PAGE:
Given that effective altruism is "a project that aims to find the best ways to help others, and put them into practice"[1] it seems surprisingly rare to me that people actually do the hard work of: 1. (Systematically) exploring cause areas 2. Writing up their (working hypothesis of a) ranked or tiered list, with good reasoning transparency 3. Sharing their list and reasons publicly.[2] The lists I can think of that do this best are by 80,000 Hours, Open Philanthropy's, and CEARCH's list. Related things I appreciate, but aren't quite what I'm envisioning: * Tools and models like those by Rethink Priorities and Mercy For Animals, though they're less focused on explanation of specific prioritisation decisions. * Longlists of causes by Nuno Sempere and CEARCH, though these don't provide ratings, rankings, and reasoning. * Various posts pitching a single cause area and giving reasons to consider it a top priority without integrating it into an individual or organisation's broader prioritisation process. There are also some lists of cause area priorities from outside effective altruism / the importance, neglectedness, tractability framework, although these often lack any explicit methodology, e.g. the UN, World Economic Forum, or the Copenhagen Consensus. If you know of other public writeups and explanations of ranked lists, please share them in the comments![3] 1. ^ Of course, this is only one definition. But my impression is that many definitions share some focus on cause prioritisation, or first working out what doing the most good actually means. 2. ^ I'm a hypocrite of course, because my own thoughts on cause prioritisation are scattered across various docs, spreadsheets, long-forgotten corners of my brain... and not at all systematic or thorough. I think I roughly: - Came at effective altruism with a hypothesis of a top cause area based on arbitrary and contingent factors from my youth/adolescence (ending factory farming),  - Had that hypothesis worn down by various information and arguments I encountered and changed my views on the top causes - Didn't ever go back and do a systemic cause prioritisation exercise from first principles (e.g. evaluating cause candidates from a long-list that includes 'not-core-EA™-cause-areas' or based on criteria other than ITN). I suspect this is pretty common. I also worry people are deferring too much on what is perhaps the most fundamental question of the EA project. 3. ^ Rough and informal explanations welcome. I'd especially welcome any suggestions that come from a different methodology or set of worldviews & assumptions to 80k and Open Phil. I ask partly because I'd like to be able to share multiple different perspectives when I introduce people to cause prioritisation to avoid creating pressure to defer to a single list.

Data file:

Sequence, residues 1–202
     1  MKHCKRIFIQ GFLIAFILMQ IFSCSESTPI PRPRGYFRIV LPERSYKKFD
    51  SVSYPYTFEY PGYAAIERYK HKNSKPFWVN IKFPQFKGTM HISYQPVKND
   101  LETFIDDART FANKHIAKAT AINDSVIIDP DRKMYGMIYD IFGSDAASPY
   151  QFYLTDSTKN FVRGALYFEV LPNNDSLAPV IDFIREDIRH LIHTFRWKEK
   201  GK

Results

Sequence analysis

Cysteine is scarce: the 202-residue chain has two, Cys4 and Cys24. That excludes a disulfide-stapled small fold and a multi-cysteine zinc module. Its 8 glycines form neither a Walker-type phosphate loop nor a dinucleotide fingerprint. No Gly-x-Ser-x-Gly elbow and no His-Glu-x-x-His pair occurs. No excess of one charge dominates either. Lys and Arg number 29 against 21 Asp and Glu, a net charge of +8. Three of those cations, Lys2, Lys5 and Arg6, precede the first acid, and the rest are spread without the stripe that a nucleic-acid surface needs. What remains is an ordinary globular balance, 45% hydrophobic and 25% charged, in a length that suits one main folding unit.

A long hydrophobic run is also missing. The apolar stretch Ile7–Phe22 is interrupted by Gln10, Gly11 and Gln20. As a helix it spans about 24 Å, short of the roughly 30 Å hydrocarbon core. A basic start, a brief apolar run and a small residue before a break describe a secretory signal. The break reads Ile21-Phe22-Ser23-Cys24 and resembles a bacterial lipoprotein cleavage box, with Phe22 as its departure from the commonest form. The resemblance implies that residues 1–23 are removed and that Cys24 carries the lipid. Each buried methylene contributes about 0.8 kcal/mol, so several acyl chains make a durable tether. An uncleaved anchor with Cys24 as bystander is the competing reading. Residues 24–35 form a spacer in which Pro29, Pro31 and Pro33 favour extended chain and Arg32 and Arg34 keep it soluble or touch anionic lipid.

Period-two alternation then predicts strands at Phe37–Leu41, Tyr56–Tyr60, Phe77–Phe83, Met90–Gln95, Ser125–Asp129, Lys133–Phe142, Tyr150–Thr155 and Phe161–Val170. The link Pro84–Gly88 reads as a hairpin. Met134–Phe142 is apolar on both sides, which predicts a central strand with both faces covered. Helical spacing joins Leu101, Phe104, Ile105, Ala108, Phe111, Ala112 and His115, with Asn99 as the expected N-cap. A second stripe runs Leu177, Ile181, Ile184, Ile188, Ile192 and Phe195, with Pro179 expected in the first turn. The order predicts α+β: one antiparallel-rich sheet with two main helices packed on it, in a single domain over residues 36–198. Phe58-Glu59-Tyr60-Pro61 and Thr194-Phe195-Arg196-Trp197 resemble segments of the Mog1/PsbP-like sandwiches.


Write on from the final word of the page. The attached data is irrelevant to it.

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  • become more fullfilled, resilient, and productive?
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  • embark on that journey together with other ambitiously altruistic
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Thank you for spreading the word! We hope to help lots of ambitious altruists this year.

Yarrow Bouchard posted a Quick Take 4h ago

Have Will MacAskill, Nick Beckstead, or Holden Karnofsky responded to the reporting by Time that they were warned about Sam Bankman-Fried's behaviour years before the FTX collapse?

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Joseph Lemien commented on ABishop's quick take 13h ago

I would like to estimate how effective free hugs are. Can anyone help me?